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Activists Form Green Movement To Save Prey Lang Forest

Nov Sivutha and Donald Lee / Khmer Times Share:
Local authorities blocked Kem Ley (L), founder of the political party Khmer for Khmer, from visiting Prey Lang forest earlier this month. KT Photo: Chea Vannak

PHNOM PENH (Khmer Times) – Nearly 100 activists, students and politicians gathered here to discuss ways to curb illegal logging in Prey Lang forest, often considered Cambodia’s largest relatively intact forest.

The meeting comes after activists and students were blocked by Stung Treng provincial authorities two weeks ago from touring the part of what is sometimes called “Cambodia’s Amazon.” They charge that local officials barred them in order to cover up illegal logging.

Villagers who live in the forest traveled to Phnom Penh to denounce what they called an escalation of deforestation.

“Private companies are cutting down trees in the forest and many outsiders from other provinces also have come to cut down the forest,” said Tith Vichey, a villager from Preah Vihear province and a keynote speaker at the meeting.

The forest is under serious threat, critics say, because of rampant illegal logging and deforestation by private companies holding economic land concessions from the government.

Stretching over 3,600 square kilometers and four provinces, Prey Lang forest shelters 20 endangered wildlife species, and 200,000 members of ethnic minority groups.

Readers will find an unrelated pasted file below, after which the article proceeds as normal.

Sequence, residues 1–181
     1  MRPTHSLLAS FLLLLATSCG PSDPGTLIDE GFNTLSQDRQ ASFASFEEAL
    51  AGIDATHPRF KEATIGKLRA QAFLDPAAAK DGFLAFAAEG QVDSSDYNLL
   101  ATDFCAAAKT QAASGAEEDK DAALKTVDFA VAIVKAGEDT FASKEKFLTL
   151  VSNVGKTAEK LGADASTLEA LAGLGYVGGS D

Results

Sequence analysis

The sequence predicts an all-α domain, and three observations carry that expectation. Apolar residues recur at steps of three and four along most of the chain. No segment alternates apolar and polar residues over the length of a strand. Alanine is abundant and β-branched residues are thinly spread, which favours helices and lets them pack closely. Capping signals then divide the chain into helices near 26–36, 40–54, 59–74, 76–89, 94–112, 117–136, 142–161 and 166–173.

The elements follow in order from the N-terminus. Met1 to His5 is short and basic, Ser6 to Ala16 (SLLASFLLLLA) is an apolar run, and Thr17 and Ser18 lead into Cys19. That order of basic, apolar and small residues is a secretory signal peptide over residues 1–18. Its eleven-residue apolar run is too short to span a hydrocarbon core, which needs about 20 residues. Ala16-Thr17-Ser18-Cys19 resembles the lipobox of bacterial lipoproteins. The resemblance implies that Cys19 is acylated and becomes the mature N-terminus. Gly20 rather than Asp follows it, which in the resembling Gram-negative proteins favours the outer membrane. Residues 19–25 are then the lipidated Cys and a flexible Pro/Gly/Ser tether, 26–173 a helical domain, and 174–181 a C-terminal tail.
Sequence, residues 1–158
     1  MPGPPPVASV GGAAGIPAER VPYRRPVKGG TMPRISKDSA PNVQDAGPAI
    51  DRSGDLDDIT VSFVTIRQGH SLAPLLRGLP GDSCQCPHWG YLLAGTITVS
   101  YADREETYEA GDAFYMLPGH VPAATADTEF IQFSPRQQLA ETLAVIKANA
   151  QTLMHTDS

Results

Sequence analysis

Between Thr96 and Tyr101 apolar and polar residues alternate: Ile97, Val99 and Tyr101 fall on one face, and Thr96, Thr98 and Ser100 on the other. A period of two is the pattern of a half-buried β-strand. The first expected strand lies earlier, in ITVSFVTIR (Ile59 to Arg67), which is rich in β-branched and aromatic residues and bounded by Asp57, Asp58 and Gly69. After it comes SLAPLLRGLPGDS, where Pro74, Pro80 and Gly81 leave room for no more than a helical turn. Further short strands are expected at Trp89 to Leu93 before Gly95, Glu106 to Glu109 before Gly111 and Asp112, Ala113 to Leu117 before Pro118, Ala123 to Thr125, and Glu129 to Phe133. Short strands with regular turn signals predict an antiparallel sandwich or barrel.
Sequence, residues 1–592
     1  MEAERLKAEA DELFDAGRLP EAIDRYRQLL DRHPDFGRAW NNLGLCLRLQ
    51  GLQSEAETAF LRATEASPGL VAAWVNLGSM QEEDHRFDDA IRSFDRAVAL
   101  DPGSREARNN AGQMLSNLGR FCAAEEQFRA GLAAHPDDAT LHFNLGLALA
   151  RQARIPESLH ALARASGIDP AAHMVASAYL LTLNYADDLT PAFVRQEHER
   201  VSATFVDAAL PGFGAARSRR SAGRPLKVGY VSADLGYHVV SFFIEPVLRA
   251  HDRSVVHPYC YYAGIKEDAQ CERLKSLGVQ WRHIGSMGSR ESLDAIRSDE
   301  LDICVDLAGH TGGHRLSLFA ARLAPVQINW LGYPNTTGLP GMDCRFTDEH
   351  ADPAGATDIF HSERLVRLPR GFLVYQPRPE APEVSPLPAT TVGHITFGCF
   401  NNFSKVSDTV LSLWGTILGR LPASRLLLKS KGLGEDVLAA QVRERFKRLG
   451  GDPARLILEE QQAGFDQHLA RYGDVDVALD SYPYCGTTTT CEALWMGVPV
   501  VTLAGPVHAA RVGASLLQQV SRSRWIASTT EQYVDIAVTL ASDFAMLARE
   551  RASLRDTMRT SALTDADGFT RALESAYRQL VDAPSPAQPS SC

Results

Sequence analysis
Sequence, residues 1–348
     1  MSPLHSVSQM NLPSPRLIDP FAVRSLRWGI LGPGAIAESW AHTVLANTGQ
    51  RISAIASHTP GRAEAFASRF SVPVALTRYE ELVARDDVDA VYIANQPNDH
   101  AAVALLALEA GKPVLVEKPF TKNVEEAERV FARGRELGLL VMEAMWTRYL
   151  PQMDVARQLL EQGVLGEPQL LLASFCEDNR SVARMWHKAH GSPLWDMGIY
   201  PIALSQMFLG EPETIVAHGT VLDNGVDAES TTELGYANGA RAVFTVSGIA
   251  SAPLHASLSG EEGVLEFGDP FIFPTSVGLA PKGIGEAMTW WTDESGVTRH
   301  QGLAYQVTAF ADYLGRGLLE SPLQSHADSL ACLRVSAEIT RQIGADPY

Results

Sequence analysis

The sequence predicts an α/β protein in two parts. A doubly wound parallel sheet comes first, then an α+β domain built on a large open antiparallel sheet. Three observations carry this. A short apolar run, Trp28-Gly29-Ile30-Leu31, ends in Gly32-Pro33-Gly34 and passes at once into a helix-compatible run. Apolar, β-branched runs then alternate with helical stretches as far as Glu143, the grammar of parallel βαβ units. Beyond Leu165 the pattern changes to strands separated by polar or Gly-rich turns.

Of interest to loggers, it also holds exotic woods like rosewood, which is valued in China for hardwood furniture.

Prey Lang is one of Southeast Asia’s last remaining lowland evergreen forests.

The student groups organized tours of the forest after villagers and NGOs started filing complaints about the increasing number of trees being illegally logged.

Kem Ley, founder of new political movement Khmer for Khmer, led one of the blocked student groups to the forest. According to Mr. Ley, the tour’s aim was to encourage students to learn about the forest and how to preserve it.

“It was to be social campaign among students, monks and the public to remain aware about Prey Lang,” Mr. Ley said of the grass roots movement.

Save the Forest Movement Growing

Civil society groups and NGOs are united in taking action at this critical time, said Tek Vannara, executive director of NGO Forum Cambodia.

“We’ve organized this meeting for civil society groups and local villagers to take coordinated action to protect Prey Lang forest,” he said.

“We’re trying to work closely with the government to eradicate illegal logging in the area, and have also urged them to increase law enforcement and the monitoring of companies that were granted land concessions in the area,” he added.

Students from Phnom Penh traveled to Prey Lang forest earlier this month, where illegal logging threatens the forest. KT Photo: Chea Vannak

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